Anatomy of a Good Pull Request

August 04, 2016

As I have been working on my Code for Boston Project I have spent lots of time reviewing pull requests. While it is easy to review pull requests when you are working with someone in the same space everyday, it is a bit more challenging when someone is remote. I think that the good pull requests tend to have a few things in common:

  1. They are as small as possible. Often a feature can be broken down into multiple steps.
  2. They include tests for new functionality.
  3. They pass the existing tests.
  4. They describe what the feature or bug fix does so that the tester can test it.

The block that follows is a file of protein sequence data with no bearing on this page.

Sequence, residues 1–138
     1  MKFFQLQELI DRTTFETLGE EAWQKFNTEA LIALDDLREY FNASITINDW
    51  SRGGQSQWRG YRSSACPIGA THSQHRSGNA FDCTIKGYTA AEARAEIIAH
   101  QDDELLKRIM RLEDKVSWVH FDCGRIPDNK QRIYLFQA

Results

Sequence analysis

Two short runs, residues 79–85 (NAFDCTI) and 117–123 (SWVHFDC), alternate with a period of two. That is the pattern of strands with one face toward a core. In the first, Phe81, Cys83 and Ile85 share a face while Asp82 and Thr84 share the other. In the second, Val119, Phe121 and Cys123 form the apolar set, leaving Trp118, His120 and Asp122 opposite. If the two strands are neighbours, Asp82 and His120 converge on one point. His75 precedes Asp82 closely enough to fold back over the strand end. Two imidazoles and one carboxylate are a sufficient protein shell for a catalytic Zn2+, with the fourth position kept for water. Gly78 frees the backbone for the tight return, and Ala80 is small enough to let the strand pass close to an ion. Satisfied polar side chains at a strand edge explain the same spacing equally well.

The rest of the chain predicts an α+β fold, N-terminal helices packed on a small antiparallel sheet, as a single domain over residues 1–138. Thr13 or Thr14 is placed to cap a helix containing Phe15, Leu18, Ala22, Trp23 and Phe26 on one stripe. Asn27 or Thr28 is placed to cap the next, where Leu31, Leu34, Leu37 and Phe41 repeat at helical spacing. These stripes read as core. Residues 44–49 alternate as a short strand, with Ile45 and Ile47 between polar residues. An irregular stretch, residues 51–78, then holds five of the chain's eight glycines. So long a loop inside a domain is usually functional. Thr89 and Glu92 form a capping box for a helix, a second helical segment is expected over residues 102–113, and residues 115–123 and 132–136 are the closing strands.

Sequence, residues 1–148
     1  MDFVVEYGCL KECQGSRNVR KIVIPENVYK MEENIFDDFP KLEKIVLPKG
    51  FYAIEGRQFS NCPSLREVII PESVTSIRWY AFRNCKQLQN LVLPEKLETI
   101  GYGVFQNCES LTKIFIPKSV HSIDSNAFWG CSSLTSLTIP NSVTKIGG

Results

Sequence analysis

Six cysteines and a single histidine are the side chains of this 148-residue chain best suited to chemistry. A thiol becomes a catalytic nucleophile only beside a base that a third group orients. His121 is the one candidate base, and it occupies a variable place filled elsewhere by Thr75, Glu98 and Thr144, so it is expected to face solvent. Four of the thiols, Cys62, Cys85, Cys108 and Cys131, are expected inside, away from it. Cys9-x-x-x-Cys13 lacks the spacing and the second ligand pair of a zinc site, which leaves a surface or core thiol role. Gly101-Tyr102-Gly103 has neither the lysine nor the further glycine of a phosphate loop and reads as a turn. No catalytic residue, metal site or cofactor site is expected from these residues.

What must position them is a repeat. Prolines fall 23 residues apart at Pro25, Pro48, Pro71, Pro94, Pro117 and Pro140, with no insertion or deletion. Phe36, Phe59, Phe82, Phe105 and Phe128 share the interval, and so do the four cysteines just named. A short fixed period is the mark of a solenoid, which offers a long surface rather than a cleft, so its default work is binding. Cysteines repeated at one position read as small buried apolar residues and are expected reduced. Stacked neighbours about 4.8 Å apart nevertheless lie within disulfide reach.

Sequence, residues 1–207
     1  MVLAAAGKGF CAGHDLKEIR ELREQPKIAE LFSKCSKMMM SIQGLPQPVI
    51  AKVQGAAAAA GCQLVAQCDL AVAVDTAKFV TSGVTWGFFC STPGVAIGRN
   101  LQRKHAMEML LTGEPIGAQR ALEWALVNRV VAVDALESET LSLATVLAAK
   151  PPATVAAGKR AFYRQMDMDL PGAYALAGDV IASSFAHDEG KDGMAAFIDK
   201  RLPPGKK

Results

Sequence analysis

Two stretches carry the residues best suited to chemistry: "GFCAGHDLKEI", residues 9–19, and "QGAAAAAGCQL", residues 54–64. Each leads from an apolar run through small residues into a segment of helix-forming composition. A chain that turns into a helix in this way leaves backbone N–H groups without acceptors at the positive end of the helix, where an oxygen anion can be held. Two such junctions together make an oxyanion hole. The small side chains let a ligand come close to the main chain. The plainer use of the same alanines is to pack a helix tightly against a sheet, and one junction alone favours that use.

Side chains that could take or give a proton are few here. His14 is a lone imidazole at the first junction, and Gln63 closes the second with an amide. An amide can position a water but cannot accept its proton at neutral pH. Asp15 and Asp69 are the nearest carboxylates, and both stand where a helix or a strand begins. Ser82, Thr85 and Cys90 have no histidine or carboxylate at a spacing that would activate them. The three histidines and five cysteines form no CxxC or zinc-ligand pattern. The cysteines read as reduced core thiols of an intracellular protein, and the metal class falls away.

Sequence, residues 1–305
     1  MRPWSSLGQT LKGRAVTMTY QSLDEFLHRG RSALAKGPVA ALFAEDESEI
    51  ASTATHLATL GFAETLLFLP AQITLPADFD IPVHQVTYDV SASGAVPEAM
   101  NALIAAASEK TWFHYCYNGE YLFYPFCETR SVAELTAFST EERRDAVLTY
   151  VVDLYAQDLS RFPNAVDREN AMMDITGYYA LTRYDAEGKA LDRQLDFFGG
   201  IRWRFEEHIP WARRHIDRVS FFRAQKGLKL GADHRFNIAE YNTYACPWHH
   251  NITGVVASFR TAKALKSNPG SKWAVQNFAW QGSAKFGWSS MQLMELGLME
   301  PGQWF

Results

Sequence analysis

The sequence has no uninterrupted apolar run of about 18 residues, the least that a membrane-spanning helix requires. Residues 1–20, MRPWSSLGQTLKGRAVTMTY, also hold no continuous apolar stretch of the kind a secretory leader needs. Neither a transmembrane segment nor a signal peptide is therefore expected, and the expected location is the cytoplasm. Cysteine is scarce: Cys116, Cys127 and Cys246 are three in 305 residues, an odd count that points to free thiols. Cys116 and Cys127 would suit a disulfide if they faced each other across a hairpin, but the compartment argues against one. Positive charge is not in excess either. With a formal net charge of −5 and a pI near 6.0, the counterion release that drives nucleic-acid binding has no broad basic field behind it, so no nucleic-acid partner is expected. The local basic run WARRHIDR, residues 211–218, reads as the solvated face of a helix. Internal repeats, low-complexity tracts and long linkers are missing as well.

5. Merge conflicts have been resolved.
  6. They actually check in all the files necessary for the change.

Some of these are not applicable to some projects, but in general these are the issues I encounter when I’m reviewing pull requests. The most common issues are the size of the pull request, a lack of a description, and someone forgetting to check in a file. While the command line is cool, I strongly recommend a GUI client like Tower 2 to help with git. Otherwise it often takes practice and seeing the other side before you get an intuitive sense for whether your pull request is good.

Want to get posts like this in your email?

This work by Matt Zagaja is licensed under a Creative Commons Attribution-NonCommercial-ShareAlike 3.0 Unported License.